There are few songs more iconic and easily recognizable today, and even fewer that continue to feel relevant--Satisfaction is both. Special note: for a fun treat, check out this 1981 concert video, where Richards, in the middle of performing Satisfaction, takes his guitar off to belt a fan crashing the stage, and then casually throws it back around his neck to finish the song.
You might not know Chuck Berry by name or sight, but you know him by one of the most easily recognizable rock songs ever, Johnny B. Goode. Starring a poor country boy who makes bank as a musician, Berry’s distinctive fuzzy guitar licks are unmistakable.
Berry’s background and skill are in part because of his jazz training. He had an attitude that no one else has succeeded in copying, and he brought a blues quality to his rock songs that’s hard to ignore. Keith Richards, the Rolling Stones’ guitarist, has talked about how much Berry influenced him, and when you listen to Johnny B. Goode, you can see why.
Eruption is Van Halen’s segue to You Really Got Me and it almost didn’t make it to the album. We’re all glad it did because it is without a doubt one of the greatest guitar solos ever, played by one of the greatest guitarists ever.
Eddie Van Halen could do riffs like none other, and he shows off his skill on Eruption. He perfected a strange finger-tapping technique that allowed him to get textures and harmonics out of his guitar nobody else could--in fact, sometimes his guitar doesn’t sound like a guitar at all.
- Words & Music by Allen Collins and Ronnie Van Zant (Author)
- English (Publication Language)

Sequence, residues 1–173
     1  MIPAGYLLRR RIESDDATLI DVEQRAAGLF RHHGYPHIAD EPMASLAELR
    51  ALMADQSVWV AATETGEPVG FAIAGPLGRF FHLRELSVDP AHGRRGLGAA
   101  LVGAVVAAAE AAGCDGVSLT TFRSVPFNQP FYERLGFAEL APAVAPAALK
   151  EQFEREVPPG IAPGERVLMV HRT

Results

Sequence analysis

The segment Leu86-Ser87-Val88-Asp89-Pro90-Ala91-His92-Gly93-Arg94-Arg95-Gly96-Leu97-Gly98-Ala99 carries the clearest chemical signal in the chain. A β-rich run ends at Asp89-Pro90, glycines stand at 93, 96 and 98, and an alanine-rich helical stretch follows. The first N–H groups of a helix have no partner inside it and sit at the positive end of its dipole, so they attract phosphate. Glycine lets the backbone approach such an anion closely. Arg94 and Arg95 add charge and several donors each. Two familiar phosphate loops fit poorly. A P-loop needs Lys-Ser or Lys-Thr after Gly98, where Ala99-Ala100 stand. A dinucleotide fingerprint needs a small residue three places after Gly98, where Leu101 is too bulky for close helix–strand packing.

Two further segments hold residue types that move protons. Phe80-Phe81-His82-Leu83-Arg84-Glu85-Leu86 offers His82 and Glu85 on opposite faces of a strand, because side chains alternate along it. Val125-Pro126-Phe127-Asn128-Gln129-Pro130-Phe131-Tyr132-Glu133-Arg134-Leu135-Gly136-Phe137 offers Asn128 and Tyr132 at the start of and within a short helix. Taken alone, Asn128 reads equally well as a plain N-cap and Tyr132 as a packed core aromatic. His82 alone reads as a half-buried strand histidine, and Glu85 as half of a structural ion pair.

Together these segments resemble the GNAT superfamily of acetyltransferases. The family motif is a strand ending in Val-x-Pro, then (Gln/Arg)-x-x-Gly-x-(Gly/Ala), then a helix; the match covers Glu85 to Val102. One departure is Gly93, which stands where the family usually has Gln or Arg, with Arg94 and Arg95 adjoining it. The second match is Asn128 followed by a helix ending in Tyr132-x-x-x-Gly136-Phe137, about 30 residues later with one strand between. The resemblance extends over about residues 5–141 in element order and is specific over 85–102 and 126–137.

- 1975 Pages - 03/29/1975 (Publication Date) - Duchess Music Corp./ MCA Music, Inc. (Publisher)
Lynyrd Skynyrd’s Freebird has achieved anthem status since the band first recorded it back in 1973. The half ballad, half rousing guitar solo became something of a legend and an inside joke--it’s not uncommon to hear audience members of other shows yelling out “Freebird!”
The song can go on for close to fifteen minutes, but it never seems too long. Often in concert, the band adds powerful piano solos as well as bird chirp guitar sounds - like in this 1977 concert in Oakland - just three months before band mainstays Steven Gaines and Ronnie Van Zant would be killed in a plane crash. In it, Allen Collins does most of the guitar work, which is fitting since it’s his work found on the original recording.
B.B. King was deeply rooted in the blues tradition he saw growing up in Mississippi. He developed a distinct sound, in which he lets his guitar (he calls her Lucille) do some of the singing. Here’s a quote from an interview he did with Guitar World:
"People ask why I don’t sing and play at the same time, I’ve answered that I can’t, but the deeper answer is that Lucille is one voice and I’m another. I hear those voices as distinct. One voice is coming through my throat, while the other is coming through my fingers. When one is singing, the other wants to listen.”
You can hear King’s short, staccato bursts on the Thrill is Gone, one of his many classic hits.
Stevie Ray Vaughan is the blues-rock singer who simultaneously put Austin, Texas on the map and revived the dying guitar sound in the 80s. Pride and Joy and Texas Flood are both Stevie hits that frequently make it to greatest guitar solos lists, but we include Pride and Joy here because it was the first single on Stevie’s first album.